IMPORTANT: The author has retracted most of this article based on a comment in the comment stream following the article.
Back in March of 2009, at the bottom of the bottom, I advised that Ford’s Trust Preferred shares (F.PS) were absurdly undervalued, and that there was no reason to own the Ford common stock (NYSE:F). We’re there again.
Quick definitions: F.PS is a trust preferred that pays quarterly dividends of $0.8125 per share, and is convertible at the holder’s option into 2.825 shares of F. The F.PS dividend can be deferred by Ford at any time for a period of up to 5 years, at which point all accumulated deferred dividends are due.
The price of F.PS should be the price of the common, times the 2.825 conversion rate, times a premium for the dividend payment. This premium should be negatively correlated with the risk-free rate of return (reflecting the opportunity cost of holding F.PS) and with the risk that the company will become unable to pay the dividend. In normal times, the F price is a decent proxy for this last variable, as it’s a barometer of the company’s prospects.
(Click to enlarge)
The graph above shows that the inverse relationship between the premium (in blue, right scale) and F (in red, left scale) held from the issuance of F.PS in 2002 through 2005, when the market started to have concerns about Ford’s viability. Then, the correlation was still fairly strong to late 2008, until the October 2008 market crash when the premium reflected the shakes of the greater market. As the market bottomed in March 2009, Ford began to defer F.PS dividends, conserving cash as the economy crumbled. For a time, the preferred traded at (or, absurdly, below!) its conversion rate. I advised that if Ford survived, it would be far better to own F.PS than F, as the deferred dividends would eventually be paid (with interest). By the fall of 2009, as Ford looked better and better, both the common stock and the premium recovered, and now we appear to be back to the inverse correlation of the early 2000s.
Ford has done very well since 3/09, avoiding the government dole and making enormous market share gains. On June 30 of this year, Ford reinstated the F.PS payment, paying a touch more than $5 per share of accumulated dividends. At the open on July 1, while $1000 invested in F on 3/11/08 was worth $5,219, the same investment in F.PS was worth $8,115, including more than $900 in dividends. F.PS outperformed F by more than 55%.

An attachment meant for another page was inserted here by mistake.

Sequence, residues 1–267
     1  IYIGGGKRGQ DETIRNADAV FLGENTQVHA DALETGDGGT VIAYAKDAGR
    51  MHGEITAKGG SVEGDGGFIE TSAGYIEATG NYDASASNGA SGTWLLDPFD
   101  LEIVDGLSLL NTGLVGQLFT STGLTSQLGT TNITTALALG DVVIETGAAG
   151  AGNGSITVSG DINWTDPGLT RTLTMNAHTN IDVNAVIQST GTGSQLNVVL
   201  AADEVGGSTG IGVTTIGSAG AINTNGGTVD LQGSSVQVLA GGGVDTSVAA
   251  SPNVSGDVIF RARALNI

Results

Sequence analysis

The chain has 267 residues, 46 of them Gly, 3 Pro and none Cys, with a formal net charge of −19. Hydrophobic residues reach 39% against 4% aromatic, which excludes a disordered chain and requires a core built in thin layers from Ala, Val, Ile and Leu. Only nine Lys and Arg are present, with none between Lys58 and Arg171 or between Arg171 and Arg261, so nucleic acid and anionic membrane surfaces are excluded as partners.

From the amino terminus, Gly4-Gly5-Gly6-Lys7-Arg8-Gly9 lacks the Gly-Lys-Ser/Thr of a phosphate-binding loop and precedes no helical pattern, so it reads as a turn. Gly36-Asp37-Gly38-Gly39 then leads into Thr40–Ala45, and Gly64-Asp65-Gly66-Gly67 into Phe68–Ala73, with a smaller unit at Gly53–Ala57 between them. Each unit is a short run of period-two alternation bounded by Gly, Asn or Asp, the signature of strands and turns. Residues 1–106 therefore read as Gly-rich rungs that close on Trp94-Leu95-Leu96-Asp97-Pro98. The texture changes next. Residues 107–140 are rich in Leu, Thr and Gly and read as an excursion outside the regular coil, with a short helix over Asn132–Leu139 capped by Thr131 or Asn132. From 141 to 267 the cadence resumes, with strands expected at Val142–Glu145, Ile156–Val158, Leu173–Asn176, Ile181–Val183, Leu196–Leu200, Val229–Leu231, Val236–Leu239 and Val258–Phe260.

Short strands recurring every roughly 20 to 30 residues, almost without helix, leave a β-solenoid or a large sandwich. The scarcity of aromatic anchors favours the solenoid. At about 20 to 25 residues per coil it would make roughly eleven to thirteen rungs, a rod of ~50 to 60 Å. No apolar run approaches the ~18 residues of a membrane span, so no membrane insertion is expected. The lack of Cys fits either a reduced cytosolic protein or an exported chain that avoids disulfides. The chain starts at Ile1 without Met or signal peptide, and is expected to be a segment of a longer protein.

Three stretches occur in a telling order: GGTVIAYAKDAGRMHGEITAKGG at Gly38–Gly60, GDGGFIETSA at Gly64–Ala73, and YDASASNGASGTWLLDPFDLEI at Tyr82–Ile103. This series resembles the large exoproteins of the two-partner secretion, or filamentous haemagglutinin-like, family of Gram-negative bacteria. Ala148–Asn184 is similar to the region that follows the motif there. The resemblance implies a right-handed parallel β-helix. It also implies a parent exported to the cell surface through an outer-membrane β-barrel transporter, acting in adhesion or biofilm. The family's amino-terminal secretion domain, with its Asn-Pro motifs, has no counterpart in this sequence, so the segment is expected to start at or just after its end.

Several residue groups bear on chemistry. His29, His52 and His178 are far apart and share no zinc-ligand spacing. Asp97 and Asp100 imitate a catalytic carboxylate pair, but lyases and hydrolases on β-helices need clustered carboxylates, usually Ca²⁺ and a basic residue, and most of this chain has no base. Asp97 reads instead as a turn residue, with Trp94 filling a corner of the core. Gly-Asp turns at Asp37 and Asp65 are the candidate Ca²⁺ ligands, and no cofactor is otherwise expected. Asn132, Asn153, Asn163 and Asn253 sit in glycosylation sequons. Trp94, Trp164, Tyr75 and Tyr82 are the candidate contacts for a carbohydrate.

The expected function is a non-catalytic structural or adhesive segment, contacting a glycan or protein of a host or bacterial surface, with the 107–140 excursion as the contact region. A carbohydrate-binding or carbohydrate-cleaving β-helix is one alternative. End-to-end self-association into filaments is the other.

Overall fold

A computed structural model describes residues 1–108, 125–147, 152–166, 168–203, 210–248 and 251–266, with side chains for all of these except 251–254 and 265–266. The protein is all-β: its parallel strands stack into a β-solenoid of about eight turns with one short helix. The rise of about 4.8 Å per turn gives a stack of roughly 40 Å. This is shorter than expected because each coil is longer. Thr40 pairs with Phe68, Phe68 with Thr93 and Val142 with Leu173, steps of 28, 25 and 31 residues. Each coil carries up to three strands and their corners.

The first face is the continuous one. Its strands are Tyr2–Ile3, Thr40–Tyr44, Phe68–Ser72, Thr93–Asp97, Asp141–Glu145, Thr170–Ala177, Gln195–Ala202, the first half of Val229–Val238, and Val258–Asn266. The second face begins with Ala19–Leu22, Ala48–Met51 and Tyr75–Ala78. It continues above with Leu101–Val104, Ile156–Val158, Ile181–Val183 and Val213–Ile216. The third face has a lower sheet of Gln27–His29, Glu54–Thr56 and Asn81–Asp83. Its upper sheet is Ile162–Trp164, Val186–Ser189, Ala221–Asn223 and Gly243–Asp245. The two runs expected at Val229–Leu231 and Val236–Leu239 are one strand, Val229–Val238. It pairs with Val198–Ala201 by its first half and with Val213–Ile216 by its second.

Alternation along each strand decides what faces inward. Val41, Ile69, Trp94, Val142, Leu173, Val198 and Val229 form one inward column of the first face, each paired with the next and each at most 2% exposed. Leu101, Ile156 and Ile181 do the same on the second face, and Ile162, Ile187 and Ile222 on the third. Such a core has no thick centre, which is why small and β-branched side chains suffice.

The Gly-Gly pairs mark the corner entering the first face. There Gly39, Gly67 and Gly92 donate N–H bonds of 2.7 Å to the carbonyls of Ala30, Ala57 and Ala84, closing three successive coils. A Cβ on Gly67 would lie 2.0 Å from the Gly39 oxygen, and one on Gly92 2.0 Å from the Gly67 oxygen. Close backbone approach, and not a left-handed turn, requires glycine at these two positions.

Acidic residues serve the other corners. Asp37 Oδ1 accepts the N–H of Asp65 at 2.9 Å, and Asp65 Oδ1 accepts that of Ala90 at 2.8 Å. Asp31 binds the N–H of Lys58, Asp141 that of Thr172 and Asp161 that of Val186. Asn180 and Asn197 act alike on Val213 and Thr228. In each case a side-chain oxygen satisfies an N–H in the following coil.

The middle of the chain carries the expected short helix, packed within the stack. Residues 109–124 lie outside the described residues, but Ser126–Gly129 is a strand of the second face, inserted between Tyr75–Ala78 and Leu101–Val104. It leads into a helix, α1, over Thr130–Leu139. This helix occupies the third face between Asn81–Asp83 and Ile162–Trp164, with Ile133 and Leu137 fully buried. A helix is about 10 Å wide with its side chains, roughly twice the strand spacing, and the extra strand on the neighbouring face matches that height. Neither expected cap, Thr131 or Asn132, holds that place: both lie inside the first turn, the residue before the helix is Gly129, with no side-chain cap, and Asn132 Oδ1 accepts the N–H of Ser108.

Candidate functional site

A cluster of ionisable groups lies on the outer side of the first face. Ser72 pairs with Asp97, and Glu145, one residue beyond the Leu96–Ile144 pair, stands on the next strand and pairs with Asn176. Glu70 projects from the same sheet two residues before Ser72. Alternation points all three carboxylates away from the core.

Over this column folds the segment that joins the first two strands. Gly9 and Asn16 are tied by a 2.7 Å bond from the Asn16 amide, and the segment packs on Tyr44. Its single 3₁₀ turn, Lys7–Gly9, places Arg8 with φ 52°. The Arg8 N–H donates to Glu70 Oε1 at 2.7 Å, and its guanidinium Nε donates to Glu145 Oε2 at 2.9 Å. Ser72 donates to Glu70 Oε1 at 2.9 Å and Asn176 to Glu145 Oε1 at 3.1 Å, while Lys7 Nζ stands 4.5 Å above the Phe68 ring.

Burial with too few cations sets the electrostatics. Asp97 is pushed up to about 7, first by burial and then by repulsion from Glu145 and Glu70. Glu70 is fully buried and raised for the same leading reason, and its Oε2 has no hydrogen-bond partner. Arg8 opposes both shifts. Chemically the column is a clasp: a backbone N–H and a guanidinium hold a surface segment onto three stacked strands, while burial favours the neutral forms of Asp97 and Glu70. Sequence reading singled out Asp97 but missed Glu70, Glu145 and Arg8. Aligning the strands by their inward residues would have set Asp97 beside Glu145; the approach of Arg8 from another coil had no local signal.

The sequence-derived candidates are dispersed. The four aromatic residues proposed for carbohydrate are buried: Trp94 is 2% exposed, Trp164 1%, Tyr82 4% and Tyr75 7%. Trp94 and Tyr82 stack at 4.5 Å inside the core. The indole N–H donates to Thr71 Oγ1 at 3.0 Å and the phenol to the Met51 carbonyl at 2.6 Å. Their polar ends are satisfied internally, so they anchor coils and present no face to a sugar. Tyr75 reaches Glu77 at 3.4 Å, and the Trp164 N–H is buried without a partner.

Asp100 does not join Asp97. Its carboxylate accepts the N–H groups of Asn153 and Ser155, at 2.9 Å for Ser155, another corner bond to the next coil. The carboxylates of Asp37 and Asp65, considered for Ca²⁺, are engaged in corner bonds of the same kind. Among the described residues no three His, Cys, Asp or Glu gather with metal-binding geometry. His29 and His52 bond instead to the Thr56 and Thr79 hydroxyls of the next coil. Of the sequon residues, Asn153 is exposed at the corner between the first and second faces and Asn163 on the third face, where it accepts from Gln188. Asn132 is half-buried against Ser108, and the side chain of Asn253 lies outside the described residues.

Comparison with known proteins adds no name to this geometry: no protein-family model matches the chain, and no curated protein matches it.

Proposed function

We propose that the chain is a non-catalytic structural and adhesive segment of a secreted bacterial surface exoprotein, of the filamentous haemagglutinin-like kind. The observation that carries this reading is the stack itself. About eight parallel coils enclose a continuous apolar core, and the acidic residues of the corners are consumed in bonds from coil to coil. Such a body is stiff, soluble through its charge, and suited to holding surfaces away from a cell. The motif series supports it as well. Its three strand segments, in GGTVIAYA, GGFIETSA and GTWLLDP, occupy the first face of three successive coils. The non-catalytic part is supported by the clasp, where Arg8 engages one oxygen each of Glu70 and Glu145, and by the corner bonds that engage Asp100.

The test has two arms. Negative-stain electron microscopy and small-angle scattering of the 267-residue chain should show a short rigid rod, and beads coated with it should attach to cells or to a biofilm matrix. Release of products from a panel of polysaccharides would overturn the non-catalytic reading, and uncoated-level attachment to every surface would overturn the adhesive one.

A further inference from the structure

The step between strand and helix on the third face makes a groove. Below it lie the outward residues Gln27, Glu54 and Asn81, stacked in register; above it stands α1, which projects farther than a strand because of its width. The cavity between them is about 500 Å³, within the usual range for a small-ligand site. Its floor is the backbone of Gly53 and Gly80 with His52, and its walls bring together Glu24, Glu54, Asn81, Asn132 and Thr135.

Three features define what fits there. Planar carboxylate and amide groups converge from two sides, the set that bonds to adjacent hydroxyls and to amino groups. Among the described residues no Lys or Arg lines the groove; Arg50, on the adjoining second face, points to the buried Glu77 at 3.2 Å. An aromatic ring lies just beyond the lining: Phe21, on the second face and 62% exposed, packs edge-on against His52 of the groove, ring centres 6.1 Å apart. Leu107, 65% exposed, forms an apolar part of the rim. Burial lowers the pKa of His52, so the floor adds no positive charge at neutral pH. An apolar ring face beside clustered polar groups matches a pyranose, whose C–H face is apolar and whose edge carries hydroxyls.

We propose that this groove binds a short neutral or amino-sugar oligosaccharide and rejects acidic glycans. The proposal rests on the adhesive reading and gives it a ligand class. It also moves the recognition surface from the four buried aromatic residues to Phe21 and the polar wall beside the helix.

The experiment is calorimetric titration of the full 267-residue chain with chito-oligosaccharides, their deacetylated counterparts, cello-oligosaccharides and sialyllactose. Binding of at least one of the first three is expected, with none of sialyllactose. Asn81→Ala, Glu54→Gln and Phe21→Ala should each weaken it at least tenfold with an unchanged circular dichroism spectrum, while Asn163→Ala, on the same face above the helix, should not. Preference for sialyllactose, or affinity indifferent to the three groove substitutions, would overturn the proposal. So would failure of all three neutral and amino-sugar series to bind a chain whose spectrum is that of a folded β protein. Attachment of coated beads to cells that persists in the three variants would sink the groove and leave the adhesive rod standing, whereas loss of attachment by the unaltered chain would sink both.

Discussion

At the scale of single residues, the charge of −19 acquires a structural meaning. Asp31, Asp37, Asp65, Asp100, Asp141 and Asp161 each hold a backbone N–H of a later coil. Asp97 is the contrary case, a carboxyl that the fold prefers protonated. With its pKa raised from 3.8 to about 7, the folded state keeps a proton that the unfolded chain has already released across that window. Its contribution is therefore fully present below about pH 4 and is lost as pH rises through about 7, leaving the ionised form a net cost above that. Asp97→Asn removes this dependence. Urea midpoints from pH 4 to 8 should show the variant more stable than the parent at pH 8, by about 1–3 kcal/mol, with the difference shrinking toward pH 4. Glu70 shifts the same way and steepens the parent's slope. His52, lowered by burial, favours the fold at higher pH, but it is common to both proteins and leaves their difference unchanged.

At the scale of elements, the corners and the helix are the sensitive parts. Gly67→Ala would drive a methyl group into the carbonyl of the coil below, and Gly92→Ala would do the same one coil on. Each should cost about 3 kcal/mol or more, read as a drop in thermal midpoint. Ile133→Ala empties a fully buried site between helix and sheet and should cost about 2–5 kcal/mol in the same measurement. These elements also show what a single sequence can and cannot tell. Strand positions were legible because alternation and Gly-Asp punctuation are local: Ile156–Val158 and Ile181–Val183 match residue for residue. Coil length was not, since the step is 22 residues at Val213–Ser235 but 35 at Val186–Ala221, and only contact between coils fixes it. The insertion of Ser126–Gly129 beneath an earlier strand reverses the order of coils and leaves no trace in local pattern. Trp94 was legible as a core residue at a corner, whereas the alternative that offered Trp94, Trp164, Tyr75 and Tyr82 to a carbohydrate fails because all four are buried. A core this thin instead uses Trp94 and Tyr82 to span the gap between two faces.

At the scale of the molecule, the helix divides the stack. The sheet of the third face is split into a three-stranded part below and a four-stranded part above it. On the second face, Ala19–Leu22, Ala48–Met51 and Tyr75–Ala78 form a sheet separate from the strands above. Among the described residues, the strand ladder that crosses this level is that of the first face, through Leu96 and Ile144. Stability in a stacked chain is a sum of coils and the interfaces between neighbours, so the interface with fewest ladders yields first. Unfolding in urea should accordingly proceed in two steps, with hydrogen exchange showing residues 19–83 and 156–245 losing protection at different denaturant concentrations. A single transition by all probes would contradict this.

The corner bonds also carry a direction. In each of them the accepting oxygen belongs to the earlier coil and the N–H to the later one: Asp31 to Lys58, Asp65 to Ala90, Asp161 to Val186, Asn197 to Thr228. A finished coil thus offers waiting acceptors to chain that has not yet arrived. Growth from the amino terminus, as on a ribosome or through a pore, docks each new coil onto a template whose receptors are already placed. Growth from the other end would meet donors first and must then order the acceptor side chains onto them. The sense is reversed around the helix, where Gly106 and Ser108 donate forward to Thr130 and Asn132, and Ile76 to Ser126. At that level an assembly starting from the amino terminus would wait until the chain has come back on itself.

In early September, I started paying attention to the F.PS premium, and decided that at a rate much higher than the then-current 40%, it would be time to swap out of F.PS and into F. Unfortunately for me, it didn’t again hit my 45% trigger, instead falling through September and October, reaching a meager 10.8% at Monday’s close. If I had been smarter and switched when the F.PS premium was at 40% in early September, I would be up more than 25%.
So now the premium is at 10.8%. With the exception of the tumultuous 2008-09 bottom, the premium has never before been below 18%. Looking at the historical data, I think the "normal" range is about 30%-40%, though with interest rates lower than the 2002-2005 period, it should probably tend to be a little higher.
There are a couple of ways to play with F.PS:
If you’re an owner of Ford common, or if you like the Ford common at this level, you can buy or hold 565 shares for $9,272. Or, for $1,000 more, you can choose 200 shares of F-PS, convertible into the same number of common shares. For that extra $1,000 you get annual dividends of $650, or 65%.
If you think you missed the recent move, or that F’s gotten ahead of itself, F.PS may offer a second chance or a cushion, since the common would have to fall below $14 for the F.PS premium to reach 30%, which I consider to be the lower end of a normal range.
Or you could do some arbitrage, shorting F and buying F.PS. The downside is limited to 10.8%, and the upside is 18%-27% if the premium reverts to a normal level. Meanwhile, the 6.3% F.PS dividend covers the cost of carrying the trade.
I still like Ford. I think the stock has room to grow with the economy and the company’s vastly improved public image and market position. So I’ll be staying in the preferred – at least until the premium again swells to the 40% level.
Disclosure: Author long F.PS.